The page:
Mountain Lion: Hands on with Notification Center
For years, many Mac app developers have had to design their own ways to get your attention. The open-source project Growl helped save those developers from reinventing the wheel by creating a more general notification system supported by lots of apps. But with Mountain Lion, a true systemwide notification service will finally arrive when the Mac OS X update ships this summer.
Like its counterpart on iOS, this new service is called Notification Center. With Notification Center, Mac developers now have access to features much like those already found in iOS.
Alerts and notifications appear in the top right corner of the screen in a small bubble that looks an awful lot like a Growl notification. Notification bubbles remain there for five seconds, and then slide off screen to the right. Alerts, on the other hand, remain on-screen until you click on the Show or Close (or in the case of some alerts, Snooze) buttons.
In iOS 5, you see all your recent notifications by pulling down from the top of the screen to reveal Notification Center. In Mountain Lion, the Notification Center list is a narrow band that lives just to off the right side of your screen. You can reveal it either by clicking on the new Notification Center icon at the far right of the menu bar, or by swiping with two fingers starting at the far right edge of the trackpad. Either way, your Mac’s entire screen will slide to the left, revealing a list of what’s been trying to get your attention recently.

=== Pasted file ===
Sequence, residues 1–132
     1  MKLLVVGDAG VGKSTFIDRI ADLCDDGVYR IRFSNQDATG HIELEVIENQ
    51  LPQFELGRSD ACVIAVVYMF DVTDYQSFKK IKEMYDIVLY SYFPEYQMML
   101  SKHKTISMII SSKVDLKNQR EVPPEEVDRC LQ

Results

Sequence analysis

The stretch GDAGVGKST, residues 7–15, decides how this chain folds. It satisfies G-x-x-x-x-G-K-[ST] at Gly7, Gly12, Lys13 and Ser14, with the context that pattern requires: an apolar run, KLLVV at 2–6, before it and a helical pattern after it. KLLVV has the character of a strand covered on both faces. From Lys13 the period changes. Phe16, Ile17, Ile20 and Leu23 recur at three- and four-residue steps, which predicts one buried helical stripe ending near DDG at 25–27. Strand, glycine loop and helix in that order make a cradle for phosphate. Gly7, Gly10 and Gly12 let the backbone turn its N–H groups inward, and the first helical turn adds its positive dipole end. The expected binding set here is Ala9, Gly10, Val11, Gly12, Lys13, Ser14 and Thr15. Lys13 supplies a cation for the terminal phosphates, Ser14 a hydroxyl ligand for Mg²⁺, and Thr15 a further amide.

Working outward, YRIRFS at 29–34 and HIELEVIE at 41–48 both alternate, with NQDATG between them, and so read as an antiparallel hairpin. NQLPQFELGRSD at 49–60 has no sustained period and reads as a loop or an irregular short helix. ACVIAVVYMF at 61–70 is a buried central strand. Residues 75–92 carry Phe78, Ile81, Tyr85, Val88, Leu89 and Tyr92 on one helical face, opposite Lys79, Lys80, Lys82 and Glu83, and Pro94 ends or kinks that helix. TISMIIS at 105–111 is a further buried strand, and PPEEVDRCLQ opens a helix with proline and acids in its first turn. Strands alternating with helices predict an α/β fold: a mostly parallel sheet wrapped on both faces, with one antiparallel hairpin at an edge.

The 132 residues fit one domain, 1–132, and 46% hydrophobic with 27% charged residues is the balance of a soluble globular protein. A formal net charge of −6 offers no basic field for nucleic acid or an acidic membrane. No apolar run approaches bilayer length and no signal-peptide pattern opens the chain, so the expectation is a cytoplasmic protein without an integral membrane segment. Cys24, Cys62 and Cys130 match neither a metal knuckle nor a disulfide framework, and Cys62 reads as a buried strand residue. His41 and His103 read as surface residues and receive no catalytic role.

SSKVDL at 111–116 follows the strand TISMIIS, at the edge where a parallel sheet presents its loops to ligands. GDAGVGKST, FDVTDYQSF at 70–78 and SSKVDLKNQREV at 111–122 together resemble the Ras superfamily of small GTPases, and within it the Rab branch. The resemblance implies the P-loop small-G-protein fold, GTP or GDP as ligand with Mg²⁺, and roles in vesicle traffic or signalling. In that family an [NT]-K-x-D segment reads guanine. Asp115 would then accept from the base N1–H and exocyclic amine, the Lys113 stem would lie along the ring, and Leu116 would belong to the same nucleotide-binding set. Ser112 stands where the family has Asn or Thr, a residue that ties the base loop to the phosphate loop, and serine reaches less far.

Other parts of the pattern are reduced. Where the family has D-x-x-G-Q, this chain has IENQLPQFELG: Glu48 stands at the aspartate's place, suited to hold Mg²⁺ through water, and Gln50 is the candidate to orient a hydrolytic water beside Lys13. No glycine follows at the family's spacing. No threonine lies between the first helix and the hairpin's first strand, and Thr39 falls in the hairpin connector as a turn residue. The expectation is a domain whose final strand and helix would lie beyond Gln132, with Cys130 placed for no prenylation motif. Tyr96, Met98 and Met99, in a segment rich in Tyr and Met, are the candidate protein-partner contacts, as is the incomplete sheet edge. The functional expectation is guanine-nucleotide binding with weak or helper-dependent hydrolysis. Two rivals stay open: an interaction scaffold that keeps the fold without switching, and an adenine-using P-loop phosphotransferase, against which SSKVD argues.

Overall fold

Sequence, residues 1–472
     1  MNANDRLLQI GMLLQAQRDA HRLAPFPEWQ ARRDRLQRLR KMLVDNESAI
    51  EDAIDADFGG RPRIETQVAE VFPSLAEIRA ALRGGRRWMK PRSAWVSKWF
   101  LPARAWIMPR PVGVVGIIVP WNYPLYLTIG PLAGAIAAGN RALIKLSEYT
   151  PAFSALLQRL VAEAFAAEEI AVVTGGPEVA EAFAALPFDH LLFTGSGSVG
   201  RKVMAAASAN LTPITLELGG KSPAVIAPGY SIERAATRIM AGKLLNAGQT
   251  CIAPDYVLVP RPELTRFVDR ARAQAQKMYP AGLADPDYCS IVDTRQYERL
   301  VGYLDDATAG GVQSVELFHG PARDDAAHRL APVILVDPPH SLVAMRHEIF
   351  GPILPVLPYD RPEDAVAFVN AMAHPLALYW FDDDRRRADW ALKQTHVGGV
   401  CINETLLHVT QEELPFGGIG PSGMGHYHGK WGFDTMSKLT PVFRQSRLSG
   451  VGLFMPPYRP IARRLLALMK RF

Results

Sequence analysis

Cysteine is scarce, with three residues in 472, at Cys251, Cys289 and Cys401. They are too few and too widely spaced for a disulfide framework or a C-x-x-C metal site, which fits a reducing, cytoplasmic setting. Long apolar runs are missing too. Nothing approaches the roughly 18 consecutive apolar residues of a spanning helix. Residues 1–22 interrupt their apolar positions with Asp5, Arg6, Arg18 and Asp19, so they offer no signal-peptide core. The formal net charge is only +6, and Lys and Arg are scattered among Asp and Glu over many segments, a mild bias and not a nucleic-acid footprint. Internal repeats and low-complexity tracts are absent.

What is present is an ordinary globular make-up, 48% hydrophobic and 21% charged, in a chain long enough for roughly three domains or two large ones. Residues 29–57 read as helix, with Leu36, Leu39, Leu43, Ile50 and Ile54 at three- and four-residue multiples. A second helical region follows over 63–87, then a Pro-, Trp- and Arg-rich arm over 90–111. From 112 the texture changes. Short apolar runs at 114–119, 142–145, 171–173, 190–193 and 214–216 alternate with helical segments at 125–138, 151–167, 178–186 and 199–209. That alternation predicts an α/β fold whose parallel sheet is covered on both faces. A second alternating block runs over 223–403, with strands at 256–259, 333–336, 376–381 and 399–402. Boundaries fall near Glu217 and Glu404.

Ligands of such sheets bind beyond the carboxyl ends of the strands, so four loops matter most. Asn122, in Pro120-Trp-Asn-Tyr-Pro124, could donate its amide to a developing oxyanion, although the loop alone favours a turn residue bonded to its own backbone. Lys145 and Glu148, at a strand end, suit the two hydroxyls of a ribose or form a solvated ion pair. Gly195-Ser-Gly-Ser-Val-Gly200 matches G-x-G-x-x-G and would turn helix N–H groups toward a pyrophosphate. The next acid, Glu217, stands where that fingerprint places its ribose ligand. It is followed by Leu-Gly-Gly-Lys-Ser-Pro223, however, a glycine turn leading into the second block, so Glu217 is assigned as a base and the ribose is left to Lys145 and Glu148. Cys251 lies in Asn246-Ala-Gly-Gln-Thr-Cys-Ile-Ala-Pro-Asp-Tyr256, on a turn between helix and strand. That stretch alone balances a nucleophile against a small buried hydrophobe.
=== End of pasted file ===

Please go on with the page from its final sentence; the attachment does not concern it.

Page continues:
There’s also a new Notifications pane in the System Preferences app, analogous to the Notifications submenu in iOS’s Settings app. From here, you can choose which apps appear within Notification Center and how their alert bubbles behave. You can choose, on an app-by-app basis, whether you want any notifications at all, and if you want them to be of the five-second or visible-until-you-click variety. You can also choose how many notifications for an app to display and choose whether to also play a sound as part of the alert.
Different apps will handle notifications in different ways. Apple has built notifications into several of its apps with Mountain Lion. Of course, iCal uses Notification Center for all event notifications. Messages sends alert notifications when you receive a new message. Reminders sends you reminders. FaceTime warns you about missed calls. Game Center tells you about friend requests and game invitations. The App Store app tells you if there are updates available. If you add your Twitter account to the system, you can receive notification of Twitter direct messages and mentions.
And Mail now has a new option in the General tab of its preferences: New Message Notifications. You can set it to display notifications for all messages that appear in your Inbox, for all messages from people in your Contacts, for mail in a specific Smart Mailbox, for mail in all mailboxes, or for messages only from a VIP contact. The VIP is a new concept in Mail, which lets you tell Mail that certain people are special. After you do that, Mail can send notifications only when you receive a new message from someone you’ve marked as a VIP. You also should be able to use Mail Rules to specify exactly which messages merit a notification.
[Jason Snell is Macworld’s editorial director.]